“Those are things that if we’re serious about growing it, people are going to have to make those decisions and have the willingness to budge on their existing formats,” Cady said. “It’s something I definitely need to consider. It will affect the tournament in a certain way just on how we run it. But it’s the right thing to do if we want to give them their stage.”
Cady said Idaho also could follow Utah’s model, where USA Wrestling puts on a girls state tournament after the season outside of the purview of its state activities association. Oregon ran a girls exhibition tournament at the same time and alongside its boys state tournament before it unanimously approved a girls division this month.
Several years of a successful girls tournament could convince the IHSAA to adopt it and reward all the hard work that girls must dedicate to the sport.
“It’s one of those things where would creating the state tournament make it grow, or does it need to grow at the grass-roots level before you do that?” Post Falls coach Pete Reardon said. “I think it’s both.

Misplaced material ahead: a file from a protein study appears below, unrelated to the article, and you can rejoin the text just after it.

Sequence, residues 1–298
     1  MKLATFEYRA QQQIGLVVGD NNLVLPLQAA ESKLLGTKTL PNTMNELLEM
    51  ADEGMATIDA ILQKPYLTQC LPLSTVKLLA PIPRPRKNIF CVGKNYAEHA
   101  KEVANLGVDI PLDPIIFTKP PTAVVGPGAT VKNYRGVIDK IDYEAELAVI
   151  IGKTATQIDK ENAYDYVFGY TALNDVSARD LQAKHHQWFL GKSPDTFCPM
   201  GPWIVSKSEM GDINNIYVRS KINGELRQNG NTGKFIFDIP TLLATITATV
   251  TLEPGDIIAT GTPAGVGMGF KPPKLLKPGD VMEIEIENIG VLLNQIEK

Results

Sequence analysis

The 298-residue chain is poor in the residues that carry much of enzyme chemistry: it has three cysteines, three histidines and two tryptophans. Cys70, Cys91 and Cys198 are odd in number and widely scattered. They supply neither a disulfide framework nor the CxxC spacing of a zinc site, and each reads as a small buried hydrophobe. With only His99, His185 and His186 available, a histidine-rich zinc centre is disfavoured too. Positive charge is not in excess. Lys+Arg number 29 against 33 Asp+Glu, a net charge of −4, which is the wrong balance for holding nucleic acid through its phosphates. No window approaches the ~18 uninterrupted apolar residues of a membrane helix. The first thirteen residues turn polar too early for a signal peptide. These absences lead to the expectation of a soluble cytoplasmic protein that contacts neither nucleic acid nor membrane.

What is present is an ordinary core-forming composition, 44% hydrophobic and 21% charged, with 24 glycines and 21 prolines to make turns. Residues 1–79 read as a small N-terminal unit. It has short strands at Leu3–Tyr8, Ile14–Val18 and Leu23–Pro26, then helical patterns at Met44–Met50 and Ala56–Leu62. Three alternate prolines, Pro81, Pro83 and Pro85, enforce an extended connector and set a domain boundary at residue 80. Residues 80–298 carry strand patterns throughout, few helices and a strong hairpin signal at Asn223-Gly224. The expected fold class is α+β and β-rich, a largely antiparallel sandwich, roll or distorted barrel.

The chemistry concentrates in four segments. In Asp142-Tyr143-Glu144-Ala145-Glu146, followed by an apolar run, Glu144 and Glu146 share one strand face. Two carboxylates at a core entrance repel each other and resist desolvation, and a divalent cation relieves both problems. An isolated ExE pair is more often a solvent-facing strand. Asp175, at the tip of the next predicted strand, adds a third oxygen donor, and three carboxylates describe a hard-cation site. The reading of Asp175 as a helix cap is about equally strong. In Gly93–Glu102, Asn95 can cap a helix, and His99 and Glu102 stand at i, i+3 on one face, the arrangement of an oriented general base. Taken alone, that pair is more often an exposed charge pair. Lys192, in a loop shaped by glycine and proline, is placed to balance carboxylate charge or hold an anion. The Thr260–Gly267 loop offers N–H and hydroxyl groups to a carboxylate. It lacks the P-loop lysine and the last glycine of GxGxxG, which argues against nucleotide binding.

“I think it needs to grow at the grass-roots level and get to a certain number, whatever it is. Then the state is able to say there’s enough interest that we can make this a sanctioned sport.”
TREASURE VALLEY STRUGGLING IN TEAM RACES
The Treasure Valley will have to dig itself out of a big hole in the team standings to claim a state title in any classification at this year’s state tournament.
Post Falls is running away with the 5A team race, finishing the first day of the tournament with 159.5 points, 63 ahead of Bonneville and Columbia.
Minico and Lakeland are battling for the 4A title. Minico leads 121.5-119.5. Caldwell is in sixth place with 54 points.
Sugar-Salem leads the 3A race with 134 points, 42.5 points ahead of Fruitland. New Plymouth is the Valley’s top team in 2A with 57 points, 19 points behind leader Ririe.
Girls wrestling across the country
Idaho went from 40 female wrestlers to 102 this year. But the state has a long way to go to catch up to the country’s top girls wrestling states. Six of the eight host a girls-only state tournament, and Oregon will add a girls division next season.
* - Has a state-sponsored girls wrestling tournament.